Over a 50-year period, logging on B.C.’s Central Coast preferentially targeted the highest value locations on the landscape, according to new research from Simon Fraser University. The systematic depletion of high-value components of the environment raises concerns about future sustainability and intergenerational access to natural resources.
Led by SFU PhD graduate Jordan Benner and professor emeritus Ken Lertzman and published this week in the journal Proceedings of the National Academy of Sciences, their research shows that, over time, harvesting operations moved to forest stands of increasingly lower productivity and accessibility, which they refer to as “harvesting down the value chain”.
“While the approach, sometimes known as ‘high grading’, is economically efficient, it is contrary to many ideas about the stewardship ethics that are part of forest management,” says Benner. However, the cumulative effects of this historical pattern, combined with policy changes starting in the mid 1990’s, led to shifts in the pattern of logging that reflect a more stewardship-oriented approach.
The research highlights the contrasting economic- and stewardship-oriented paradigms that are present in forest management—and how policy interventions to influence management play out on the landscape, and their importance for long-term sustainability.
“In forestry planning, it is important to understand and consider the unique attributes of residual high value old growth that represent increasingly rare ecological, economic, and cultural values,” says Benner. “We should be working to empower and support communities seeking equity and benefits from their landscapes, especially Indigenous communities that historically did not receive an equitable share of the value extracted from their territories.”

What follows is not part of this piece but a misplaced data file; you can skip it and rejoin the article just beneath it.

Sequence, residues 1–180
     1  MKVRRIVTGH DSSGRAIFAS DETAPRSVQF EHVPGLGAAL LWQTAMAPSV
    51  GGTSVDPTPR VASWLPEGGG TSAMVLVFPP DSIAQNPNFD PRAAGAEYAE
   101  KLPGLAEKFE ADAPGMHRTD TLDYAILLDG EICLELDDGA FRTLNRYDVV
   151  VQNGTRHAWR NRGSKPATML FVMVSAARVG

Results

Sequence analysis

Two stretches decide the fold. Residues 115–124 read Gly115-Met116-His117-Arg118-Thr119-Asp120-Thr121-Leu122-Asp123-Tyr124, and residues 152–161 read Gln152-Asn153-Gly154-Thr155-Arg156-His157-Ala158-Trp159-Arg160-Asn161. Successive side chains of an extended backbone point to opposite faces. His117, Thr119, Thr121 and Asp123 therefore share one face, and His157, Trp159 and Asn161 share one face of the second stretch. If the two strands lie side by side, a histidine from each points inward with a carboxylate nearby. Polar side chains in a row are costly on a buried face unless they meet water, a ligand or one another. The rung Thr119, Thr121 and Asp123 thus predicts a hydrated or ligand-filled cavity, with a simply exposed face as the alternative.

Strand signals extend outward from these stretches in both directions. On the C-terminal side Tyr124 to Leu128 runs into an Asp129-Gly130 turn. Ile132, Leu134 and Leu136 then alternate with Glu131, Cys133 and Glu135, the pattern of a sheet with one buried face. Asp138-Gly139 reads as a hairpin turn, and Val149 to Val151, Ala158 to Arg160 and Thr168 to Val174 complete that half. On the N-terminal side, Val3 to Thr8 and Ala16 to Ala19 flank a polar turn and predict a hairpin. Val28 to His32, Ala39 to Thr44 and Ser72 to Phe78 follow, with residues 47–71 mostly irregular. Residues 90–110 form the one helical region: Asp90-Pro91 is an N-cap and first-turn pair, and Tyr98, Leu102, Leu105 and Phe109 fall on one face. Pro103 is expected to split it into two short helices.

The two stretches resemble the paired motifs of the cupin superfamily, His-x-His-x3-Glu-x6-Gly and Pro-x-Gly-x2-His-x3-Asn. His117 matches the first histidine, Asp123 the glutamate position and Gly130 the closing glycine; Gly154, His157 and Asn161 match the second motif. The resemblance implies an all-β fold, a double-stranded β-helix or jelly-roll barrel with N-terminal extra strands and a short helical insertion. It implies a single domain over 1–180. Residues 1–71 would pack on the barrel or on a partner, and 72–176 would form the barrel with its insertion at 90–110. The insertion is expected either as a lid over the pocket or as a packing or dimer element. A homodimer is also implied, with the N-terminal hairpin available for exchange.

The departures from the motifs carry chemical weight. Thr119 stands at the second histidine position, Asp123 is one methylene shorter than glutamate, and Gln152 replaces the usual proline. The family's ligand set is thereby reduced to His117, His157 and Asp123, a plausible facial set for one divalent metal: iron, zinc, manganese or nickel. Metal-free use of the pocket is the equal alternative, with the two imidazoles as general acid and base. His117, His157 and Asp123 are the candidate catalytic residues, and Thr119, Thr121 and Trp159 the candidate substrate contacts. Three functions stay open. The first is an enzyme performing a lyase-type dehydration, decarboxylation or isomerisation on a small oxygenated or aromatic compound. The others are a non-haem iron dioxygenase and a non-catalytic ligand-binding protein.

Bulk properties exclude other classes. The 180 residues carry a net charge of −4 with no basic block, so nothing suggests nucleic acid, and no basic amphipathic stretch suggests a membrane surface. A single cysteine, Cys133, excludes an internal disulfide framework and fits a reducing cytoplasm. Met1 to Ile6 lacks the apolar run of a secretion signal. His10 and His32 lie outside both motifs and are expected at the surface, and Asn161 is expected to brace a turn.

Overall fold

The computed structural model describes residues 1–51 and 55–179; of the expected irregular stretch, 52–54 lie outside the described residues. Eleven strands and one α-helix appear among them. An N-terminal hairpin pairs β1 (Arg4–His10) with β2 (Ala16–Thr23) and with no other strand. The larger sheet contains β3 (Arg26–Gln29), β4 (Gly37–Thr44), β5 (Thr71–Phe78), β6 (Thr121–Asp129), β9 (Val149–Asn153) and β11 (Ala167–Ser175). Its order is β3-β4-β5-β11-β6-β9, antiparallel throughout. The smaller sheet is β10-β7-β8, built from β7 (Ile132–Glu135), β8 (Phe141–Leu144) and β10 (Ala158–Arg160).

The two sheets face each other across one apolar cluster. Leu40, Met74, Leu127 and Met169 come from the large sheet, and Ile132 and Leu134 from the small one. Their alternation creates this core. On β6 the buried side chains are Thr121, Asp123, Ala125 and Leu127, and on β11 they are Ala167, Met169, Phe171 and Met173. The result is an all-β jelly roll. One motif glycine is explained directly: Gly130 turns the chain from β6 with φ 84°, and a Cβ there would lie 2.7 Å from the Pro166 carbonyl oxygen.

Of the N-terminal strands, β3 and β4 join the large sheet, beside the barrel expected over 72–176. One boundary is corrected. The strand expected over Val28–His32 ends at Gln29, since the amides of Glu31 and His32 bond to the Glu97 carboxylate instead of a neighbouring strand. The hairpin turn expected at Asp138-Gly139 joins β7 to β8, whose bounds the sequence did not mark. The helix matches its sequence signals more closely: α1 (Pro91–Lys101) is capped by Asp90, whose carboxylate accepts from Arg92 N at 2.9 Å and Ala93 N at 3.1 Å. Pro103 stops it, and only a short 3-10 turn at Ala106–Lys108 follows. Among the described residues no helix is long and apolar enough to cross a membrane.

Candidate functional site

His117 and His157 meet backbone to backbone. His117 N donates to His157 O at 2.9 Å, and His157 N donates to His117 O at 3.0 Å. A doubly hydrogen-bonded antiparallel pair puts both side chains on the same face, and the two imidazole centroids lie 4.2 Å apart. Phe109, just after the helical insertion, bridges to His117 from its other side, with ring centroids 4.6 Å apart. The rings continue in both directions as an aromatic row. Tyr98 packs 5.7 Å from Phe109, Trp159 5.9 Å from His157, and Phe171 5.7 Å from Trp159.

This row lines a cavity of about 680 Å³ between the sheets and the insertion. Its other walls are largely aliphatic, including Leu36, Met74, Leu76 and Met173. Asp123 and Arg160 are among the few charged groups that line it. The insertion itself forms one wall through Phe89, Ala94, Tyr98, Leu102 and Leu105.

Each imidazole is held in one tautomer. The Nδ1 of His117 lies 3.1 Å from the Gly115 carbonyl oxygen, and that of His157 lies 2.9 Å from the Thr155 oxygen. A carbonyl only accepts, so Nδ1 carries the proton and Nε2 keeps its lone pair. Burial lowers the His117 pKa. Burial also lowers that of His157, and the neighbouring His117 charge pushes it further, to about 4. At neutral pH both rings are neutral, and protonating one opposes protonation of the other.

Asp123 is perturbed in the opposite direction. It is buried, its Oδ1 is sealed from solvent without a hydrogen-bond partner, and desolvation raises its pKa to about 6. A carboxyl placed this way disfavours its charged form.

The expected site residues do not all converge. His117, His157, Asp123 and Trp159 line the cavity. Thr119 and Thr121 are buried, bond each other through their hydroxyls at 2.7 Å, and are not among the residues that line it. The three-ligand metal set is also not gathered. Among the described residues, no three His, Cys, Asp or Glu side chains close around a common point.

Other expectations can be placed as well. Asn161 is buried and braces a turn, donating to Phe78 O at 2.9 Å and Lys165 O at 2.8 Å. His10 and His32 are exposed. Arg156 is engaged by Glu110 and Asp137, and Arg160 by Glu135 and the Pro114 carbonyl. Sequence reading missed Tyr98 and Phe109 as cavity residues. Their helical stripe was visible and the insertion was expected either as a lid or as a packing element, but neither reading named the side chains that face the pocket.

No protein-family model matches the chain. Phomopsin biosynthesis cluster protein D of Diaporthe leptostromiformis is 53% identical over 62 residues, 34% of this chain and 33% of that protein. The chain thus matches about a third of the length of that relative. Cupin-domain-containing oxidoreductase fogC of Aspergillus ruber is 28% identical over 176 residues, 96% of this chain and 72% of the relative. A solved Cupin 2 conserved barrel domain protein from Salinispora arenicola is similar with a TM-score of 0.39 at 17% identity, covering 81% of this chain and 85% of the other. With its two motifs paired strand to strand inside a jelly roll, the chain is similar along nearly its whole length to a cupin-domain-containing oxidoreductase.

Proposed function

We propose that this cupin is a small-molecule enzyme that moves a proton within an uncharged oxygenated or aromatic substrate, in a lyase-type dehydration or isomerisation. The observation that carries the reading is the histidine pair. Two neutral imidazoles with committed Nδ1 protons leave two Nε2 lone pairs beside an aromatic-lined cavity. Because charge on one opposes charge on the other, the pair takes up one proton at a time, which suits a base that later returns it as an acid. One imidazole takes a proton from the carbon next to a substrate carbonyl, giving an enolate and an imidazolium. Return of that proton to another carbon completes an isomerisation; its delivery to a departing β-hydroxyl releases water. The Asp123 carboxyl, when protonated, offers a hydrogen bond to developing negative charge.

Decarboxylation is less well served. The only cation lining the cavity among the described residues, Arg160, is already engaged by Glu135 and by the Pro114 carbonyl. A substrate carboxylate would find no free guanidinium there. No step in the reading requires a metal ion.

The patterns of forest management shown by Benner and Lertzman are similar to observations of serial depletion seen in fisheries and other natural resources, where lower-valued species replace those of higher value as they are used up.
“Humans have dramatically altered natural resources around the world through very specific patterns of consumption: we don’t harvest randomly, we tend to take first what is best or most economically efficient, leaving an ecosystem which is depleted in those components,” says Lertzman.
This has long-term consequences for landscapes and the people who depend on them. Benner notes that, “Indigenous communities are starting to gain a more meaningful role in forestry and natural resource decision making—a situation that is long overdue.
“But the long history of logging down the value chain has, in many areas, eliminated options for those decisions, for instance through the depletion of culturally important large cedar trees. If given a choice, I’m guessing that many of these communities would rather have the option to be making decisions about the higher value and more diverse cultural landscapes that existed in their territories before industrial exploitation.”
Productive, valley-bottom old growth forest plays special ecological and cultural roles in the landscape, Lertzman adds. “But in many areas, we lost most of this type of forest early on. One consequence is that our perception of what is the expected state has shifted – we tend to normalize this depleted condition in what is called a ‘shifting baseline’ phenomenon. However, we can’t understand the ecological context of our decisions today if we don’t recognize the history that led us here.”